You will remember that it was Vicente the vet, Paco’s cousin, who insisted on having us with him for lunch. There were the four of us. Maria and Paco, Vicente and myself. After a last look at Flipper, who continued asleep in his little cage and seemed to be responding to treatment, we all boarded my little Renault. Vicente directed me to a beach, the name of which I learned, was Playa d’en Bossa. It was a lovely beach. It lay just west of Es Vive, a charming little suburb of Ibiza town. It went on and on and on forever. The sand was the colour of wheat and as fine as hour glass stock. It was sand as clean as sun, wind and water could make it. It was sand born of Nature, over the millenniums. And on this vast swath of untouched beauty, this colossal work of oceanic art, I saw not a single intrusion by man. The entire Playa in my sight was virgin. There were no buildings whatever in view. No humans, either. It was so solitary and so alone in its feeling, that like Robinson Crusoe, I found I was startled when I saw some faded human footprints in the sand. I learned later that there was one small apart-hotel on the Playa, much further west than was Juanito’s kiosk, but on that day I did not see it. It was a very long beach, as I have said, and was beyond my field of vision.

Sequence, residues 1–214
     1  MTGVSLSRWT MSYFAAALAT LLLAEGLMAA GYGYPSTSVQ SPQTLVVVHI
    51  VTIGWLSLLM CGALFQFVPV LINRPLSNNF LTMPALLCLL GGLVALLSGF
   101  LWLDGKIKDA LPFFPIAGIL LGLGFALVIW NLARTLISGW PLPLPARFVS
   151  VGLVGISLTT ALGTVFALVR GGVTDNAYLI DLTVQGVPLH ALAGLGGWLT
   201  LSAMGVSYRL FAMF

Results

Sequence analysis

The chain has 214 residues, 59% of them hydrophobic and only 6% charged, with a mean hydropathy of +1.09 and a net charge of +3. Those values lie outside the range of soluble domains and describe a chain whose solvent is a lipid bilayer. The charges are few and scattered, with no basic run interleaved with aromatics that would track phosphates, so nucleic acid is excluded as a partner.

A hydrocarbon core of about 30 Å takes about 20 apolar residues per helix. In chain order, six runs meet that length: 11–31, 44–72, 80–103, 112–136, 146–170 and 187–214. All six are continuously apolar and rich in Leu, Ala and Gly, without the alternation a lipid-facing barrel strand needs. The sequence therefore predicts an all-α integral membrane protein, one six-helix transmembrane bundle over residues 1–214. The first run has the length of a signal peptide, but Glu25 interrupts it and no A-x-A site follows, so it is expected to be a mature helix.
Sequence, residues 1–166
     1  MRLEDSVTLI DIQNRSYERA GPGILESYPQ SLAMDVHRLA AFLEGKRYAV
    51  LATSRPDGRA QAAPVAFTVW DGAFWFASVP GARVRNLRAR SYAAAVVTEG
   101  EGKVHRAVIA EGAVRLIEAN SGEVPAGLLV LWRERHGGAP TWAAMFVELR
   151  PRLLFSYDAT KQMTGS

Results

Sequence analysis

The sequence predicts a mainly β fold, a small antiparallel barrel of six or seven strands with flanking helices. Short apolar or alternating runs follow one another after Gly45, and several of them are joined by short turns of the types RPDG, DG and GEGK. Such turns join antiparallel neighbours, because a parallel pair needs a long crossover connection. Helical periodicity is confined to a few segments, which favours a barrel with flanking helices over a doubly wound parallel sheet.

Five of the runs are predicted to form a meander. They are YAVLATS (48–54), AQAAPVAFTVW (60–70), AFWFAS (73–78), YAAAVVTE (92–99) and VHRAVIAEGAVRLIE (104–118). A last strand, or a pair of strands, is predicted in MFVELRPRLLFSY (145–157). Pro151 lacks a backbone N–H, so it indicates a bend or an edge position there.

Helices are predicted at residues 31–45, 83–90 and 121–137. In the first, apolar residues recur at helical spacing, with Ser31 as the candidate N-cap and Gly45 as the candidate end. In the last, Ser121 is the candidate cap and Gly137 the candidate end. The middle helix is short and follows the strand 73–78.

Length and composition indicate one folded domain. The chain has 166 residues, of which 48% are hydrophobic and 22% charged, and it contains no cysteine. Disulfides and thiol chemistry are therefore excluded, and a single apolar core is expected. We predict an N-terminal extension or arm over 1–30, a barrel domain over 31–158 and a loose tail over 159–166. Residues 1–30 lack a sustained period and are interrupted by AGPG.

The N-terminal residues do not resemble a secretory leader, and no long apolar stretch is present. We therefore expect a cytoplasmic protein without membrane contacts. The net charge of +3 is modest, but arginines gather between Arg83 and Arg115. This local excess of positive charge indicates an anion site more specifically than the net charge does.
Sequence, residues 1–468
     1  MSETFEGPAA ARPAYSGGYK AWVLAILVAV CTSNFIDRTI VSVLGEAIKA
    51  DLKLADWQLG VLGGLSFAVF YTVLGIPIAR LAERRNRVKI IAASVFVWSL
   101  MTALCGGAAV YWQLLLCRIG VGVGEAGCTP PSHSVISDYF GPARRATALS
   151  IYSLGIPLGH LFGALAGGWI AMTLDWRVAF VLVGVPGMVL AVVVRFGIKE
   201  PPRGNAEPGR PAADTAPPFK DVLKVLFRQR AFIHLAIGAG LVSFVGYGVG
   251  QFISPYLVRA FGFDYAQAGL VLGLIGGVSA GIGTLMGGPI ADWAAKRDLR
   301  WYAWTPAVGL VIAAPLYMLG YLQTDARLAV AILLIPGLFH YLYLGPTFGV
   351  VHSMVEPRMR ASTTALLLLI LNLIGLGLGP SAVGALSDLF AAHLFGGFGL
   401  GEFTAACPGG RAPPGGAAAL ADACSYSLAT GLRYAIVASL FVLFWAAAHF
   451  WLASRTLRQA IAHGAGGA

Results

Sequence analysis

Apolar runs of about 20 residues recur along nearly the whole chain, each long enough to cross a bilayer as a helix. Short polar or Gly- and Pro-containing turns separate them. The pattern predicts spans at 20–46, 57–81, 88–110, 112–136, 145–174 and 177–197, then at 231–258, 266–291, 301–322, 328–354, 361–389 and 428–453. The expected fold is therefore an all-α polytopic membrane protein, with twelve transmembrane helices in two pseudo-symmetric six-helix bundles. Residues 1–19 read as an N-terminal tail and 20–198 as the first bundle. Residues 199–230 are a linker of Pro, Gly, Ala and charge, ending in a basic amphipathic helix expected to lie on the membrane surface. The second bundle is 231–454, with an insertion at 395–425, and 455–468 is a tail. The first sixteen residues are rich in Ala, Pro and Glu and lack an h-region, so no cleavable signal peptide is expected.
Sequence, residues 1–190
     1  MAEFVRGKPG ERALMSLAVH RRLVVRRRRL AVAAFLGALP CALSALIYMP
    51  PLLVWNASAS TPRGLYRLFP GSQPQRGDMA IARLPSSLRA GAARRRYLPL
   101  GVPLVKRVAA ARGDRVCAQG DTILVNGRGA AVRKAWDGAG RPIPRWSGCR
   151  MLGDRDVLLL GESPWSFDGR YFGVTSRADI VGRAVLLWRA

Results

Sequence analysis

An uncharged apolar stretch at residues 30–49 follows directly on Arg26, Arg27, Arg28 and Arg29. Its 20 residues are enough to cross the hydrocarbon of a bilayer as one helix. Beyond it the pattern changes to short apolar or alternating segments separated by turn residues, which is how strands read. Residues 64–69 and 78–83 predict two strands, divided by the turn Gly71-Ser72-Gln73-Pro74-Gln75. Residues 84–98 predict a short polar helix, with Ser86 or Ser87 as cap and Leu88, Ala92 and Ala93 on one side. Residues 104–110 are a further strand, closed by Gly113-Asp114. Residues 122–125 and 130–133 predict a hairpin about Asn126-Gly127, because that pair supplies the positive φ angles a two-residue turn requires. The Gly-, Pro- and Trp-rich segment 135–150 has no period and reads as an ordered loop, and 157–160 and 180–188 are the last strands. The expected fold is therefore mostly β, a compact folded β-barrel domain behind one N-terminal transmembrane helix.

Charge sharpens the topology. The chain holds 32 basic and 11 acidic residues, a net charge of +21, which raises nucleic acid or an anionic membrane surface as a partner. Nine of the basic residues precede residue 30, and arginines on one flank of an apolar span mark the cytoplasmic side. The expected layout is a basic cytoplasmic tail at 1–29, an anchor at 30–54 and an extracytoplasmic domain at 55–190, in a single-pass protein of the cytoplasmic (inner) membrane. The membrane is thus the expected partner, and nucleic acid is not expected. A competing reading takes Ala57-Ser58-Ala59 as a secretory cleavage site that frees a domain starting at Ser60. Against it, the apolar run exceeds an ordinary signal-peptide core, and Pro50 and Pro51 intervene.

I said the entire Playa in my sight was virgin? Well, almost virgin. I suppose the concept of partial virginity is insupportable, but that is the way it struck me. For it was to the one man made structure on that magnificent beach that Vicente took us. It was a humble, primitive structure. It was a seaside kiosk, coloured a faded-blue, and of minimum additional attributes. It was hardly a structure at all. But it was man made. And so it quite unconsciously and quite innocently carried with it the portent of the Hell that Playa d’en Bossa would one day become. But, alas, there was no one there to read the warning. Directly south of it, across the water, lay Formentera, Ibiza’s little sister island. About eleven miles away, she was just visible as a low-lying shadow on the horizon. In those days she was perhaps the last beautiful, untouched island paradise in the world. But she, too, would end up much like the Playa from which I first saw her.